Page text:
figure 2

(a) Percentage of insulin permeated in the presence of various concentrations of lysine. (b) Comparing the percent enhancement of insulin permeability through TR146 cell layers in the presence of various concentrations of lysine and solution pH. (c) Comparing the solubility at 25 °C and permeability of insulin through TR146 cells layers, of insulin in the presence of various concentrations of lysine.

Figure 3: Permeation of human insulin across TR146 buccal cell layers in the presence of increasing histidine concentrations.
figure 3

(a) Percentage of insulin permeated in the presence of various concentrations of histidine. (b) Comparing the percent enhancement of insulin permeability through TR146 cell layers in the presence of various concentrations of histidine and solution pH. (c) Comparing the solubility at 25 °C and permeability of insulin through TR146 cells layers, of insulin in the presence of various concentrations of arginine.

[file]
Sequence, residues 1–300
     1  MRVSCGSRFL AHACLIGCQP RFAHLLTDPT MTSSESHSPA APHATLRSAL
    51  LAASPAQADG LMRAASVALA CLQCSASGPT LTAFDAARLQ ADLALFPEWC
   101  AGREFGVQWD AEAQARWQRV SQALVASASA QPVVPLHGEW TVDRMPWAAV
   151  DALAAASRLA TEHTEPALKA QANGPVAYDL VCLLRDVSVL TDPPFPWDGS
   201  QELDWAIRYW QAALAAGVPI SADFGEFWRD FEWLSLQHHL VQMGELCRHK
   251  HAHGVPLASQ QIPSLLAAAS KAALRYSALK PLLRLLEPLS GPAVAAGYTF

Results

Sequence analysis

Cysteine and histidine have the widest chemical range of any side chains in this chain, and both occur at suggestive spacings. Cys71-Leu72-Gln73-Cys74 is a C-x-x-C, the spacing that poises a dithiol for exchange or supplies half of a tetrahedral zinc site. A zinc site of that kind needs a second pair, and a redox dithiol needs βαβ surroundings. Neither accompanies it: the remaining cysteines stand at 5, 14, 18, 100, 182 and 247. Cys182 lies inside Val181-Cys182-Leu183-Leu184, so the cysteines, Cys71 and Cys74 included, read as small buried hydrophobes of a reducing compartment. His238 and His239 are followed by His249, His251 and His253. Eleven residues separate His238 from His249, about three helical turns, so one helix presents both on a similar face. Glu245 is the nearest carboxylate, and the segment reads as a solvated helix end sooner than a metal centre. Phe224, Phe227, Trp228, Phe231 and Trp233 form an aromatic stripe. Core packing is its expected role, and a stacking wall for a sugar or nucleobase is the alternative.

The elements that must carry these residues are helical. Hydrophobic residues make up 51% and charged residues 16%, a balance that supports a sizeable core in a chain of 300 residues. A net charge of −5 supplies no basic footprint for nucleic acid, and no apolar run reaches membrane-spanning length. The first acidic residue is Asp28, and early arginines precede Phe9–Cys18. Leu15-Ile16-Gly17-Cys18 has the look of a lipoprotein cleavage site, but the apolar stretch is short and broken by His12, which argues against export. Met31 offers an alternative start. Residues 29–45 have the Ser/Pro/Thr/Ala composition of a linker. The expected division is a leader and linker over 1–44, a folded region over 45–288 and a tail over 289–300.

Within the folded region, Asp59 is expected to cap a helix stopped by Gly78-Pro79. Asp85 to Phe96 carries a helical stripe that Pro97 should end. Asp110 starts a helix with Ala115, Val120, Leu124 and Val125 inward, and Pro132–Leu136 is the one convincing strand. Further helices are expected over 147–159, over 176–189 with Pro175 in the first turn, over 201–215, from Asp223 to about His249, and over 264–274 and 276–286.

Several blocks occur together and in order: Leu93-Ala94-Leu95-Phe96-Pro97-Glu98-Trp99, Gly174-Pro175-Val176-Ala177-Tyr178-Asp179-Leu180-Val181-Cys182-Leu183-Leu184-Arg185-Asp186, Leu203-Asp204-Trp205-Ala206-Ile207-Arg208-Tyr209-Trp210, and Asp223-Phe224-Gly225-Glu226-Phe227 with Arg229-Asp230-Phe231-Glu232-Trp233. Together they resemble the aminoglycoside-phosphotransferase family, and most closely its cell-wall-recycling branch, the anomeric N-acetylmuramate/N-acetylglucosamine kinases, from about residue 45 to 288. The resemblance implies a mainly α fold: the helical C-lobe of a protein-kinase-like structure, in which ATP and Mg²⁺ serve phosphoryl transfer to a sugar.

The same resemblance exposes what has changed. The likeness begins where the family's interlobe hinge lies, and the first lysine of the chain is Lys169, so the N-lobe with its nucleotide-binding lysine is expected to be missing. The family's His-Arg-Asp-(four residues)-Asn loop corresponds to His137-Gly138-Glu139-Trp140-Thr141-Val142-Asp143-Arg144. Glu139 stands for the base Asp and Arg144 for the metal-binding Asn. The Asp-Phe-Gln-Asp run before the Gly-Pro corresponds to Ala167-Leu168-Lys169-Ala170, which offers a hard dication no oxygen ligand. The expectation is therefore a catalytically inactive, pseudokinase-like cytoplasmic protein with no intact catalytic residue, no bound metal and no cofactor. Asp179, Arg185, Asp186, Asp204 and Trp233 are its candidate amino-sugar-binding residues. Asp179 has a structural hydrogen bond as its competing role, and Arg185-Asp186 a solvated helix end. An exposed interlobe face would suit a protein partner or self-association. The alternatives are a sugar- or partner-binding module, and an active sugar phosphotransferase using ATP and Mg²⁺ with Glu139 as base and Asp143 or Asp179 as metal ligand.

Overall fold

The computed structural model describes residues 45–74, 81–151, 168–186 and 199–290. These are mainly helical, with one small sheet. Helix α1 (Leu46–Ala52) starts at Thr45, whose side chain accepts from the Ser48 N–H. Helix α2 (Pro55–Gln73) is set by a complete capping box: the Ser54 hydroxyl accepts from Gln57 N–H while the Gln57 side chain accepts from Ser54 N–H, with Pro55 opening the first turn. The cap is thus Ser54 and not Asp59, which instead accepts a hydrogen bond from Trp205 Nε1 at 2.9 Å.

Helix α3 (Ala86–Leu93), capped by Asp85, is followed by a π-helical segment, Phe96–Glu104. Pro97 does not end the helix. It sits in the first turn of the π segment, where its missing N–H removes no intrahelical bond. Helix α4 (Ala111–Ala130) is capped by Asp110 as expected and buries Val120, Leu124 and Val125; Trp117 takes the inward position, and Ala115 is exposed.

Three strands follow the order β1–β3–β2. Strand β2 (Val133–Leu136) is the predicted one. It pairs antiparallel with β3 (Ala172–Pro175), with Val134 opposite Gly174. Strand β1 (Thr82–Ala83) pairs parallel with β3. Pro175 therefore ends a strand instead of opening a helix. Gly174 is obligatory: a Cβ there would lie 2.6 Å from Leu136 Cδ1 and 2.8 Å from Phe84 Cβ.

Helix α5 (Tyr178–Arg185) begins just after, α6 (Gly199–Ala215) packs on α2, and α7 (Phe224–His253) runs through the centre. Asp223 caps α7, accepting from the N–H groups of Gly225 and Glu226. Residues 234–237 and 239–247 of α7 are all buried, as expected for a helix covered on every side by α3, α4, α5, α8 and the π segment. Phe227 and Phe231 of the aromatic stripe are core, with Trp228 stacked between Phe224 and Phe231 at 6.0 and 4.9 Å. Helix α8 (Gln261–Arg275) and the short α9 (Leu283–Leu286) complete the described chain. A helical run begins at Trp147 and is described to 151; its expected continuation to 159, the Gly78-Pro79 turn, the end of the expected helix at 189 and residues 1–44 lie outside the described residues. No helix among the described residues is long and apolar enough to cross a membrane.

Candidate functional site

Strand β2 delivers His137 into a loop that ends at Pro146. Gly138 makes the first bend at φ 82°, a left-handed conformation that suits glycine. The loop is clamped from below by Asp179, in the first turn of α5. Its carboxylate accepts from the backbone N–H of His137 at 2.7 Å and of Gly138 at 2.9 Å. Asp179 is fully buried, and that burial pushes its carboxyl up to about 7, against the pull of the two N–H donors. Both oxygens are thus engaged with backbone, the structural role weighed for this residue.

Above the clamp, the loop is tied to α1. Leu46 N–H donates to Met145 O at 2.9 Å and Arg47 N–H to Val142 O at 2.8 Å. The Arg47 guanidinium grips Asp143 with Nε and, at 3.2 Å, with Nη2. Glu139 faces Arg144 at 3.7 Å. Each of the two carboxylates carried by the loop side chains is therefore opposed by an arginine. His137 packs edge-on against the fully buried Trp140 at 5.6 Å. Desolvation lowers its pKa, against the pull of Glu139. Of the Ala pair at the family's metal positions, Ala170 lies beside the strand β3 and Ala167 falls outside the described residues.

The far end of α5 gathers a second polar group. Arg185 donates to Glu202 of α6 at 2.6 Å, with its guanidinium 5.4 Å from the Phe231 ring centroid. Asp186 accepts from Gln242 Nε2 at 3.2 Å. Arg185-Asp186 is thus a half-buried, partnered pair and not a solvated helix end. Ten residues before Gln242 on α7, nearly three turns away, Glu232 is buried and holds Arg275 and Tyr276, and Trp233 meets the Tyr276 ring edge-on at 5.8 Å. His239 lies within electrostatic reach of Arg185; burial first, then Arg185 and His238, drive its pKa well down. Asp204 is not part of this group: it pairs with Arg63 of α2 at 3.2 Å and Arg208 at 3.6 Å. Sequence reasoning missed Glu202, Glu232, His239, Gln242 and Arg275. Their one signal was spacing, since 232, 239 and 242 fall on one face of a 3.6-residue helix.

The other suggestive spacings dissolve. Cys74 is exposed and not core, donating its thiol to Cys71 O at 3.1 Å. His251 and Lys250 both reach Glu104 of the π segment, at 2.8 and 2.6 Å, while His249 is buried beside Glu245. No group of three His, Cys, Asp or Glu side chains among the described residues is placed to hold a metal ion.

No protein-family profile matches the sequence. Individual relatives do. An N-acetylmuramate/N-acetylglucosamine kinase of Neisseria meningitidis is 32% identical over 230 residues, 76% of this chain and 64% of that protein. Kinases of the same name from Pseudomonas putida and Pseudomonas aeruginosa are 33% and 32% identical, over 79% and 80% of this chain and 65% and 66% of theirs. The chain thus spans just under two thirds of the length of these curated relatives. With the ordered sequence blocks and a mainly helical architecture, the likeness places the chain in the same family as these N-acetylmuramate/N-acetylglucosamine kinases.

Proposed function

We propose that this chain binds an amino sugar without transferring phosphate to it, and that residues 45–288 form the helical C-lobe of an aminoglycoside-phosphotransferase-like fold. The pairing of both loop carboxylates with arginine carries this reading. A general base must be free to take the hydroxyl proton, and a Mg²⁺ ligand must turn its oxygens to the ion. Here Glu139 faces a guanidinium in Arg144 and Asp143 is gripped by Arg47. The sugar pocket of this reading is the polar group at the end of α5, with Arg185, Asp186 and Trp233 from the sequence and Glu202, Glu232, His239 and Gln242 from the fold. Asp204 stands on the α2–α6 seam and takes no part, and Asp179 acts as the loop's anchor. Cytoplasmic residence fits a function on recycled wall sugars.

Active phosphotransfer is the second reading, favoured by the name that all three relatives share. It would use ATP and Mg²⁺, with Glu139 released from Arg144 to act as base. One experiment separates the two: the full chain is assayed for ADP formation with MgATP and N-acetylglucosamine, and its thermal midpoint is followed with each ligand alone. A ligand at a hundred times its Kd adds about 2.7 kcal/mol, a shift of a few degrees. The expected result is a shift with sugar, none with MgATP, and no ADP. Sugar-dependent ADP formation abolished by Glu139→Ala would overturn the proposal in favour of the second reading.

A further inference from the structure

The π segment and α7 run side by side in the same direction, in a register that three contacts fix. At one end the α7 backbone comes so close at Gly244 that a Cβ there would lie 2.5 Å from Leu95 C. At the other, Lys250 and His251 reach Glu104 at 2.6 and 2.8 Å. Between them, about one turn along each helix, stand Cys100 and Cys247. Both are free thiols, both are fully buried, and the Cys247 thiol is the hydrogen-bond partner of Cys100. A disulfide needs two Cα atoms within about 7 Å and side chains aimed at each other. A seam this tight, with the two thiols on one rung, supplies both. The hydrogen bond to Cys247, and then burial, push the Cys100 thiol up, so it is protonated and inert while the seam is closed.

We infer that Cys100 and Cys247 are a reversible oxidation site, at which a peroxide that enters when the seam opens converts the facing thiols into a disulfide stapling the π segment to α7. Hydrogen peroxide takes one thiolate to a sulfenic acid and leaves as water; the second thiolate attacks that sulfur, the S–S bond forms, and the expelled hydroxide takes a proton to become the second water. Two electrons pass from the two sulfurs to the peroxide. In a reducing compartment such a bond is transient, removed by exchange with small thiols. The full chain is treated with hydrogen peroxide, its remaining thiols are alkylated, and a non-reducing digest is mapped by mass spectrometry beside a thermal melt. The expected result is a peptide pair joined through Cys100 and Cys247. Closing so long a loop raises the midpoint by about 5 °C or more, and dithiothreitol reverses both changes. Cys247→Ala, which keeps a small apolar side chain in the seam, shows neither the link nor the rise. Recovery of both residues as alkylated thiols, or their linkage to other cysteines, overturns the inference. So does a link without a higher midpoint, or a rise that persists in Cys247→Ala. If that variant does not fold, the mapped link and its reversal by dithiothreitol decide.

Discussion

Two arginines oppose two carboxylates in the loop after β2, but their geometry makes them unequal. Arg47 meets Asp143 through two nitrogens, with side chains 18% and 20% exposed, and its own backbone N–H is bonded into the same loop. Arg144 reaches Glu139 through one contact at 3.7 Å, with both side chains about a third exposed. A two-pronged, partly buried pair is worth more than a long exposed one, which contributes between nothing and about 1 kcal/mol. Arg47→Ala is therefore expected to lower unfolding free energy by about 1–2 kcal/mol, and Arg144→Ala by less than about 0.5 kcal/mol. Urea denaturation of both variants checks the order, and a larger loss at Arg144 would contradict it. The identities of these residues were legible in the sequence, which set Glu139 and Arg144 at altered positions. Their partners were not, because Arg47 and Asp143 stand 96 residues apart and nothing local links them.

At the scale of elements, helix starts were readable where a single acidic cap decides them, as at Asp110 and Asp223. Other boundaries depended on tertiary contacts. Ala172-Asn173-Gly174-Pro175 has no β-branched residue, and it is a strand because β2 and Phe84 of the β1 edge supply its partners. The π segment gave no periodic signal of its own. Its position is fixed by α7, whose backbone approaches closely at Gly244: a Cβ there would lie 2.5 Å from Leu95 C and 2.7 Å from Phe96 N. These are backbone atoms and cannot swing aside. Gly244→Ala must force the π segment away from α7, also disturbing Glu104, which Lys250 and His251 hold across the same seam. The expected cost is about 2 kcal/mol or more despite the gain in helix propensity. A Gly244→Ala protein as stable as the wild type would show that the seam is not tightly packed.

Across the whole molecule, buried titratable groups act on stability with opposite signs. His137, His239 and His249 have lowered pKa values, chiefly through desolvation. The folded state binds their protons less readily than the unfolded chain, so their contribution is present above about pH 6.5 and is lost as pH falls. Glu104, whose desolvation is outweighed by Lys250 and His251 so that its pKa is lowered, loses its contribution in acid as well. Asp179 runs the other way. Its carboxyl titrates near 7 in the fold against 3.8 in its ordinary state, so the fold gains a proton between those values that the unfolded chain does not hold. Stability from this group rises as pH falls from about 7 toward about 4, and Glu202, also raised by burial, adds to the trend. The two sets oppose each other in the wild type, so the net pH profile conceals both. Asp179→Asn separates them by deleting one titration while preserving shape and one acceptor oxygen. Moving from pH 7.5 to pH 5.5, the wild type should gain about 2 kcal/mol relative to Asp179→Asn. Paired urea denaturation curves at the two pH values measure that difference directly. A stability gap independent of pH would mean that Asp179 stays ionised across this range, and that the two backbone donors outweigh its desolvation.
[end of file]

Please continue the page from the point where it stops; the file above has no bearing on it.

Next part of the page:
From Supplementary Fig. S1, insulin solubility (and therefore insulin ionisation) was observed to significantly increase for lysine concentrations ≥200 μg/mL, with resultant increase in pH from 7 to 9. Thus, at pH of 7 (100 μg/mL lysine), both lysine and insulin molecules would be ionised, the potential for formation of insulin-lysine neutral molecules would be enhanced with a further increase in permeability. As discussed for arginine earlier, concentrations of lysine above 200 μg/mL, pH of the solution moved closer to the isoelectric point of lysine (9.74), causing a reduction in lysine ionisation, a fall in the concentration of lysine counter ions available for neutral complex formation with insulin, and a resultant fall in permeability as shown in Fig. 2c. However at 50 μg/mL lysine, a fall in insulin permeability was observed, probably due to the low concentrations of lysine available for complexation with ionised insulin moieties. Surprisingly, 10 μg/mL lysine significantly enhanced insulin permeability above the control. This observation could be related to the high ionisation of lysine and insulin at pH 7. On the other hand, insulin permeability could have been facilitated in the presence of lysine through amino acid membrane transporters which could have been saturated at higher concentrations11,31. Insulin permeability results with lysine as permeation enhancer reinforced the fact that for permeation enhancement to occur in dynamic systems, a stringent balance between ionised and non-ionised species must be maintained4,9,11. 100–200 μg/mL was found to be the ideal concentration of lysine to enhance solubility and permeability of insulin in vitro.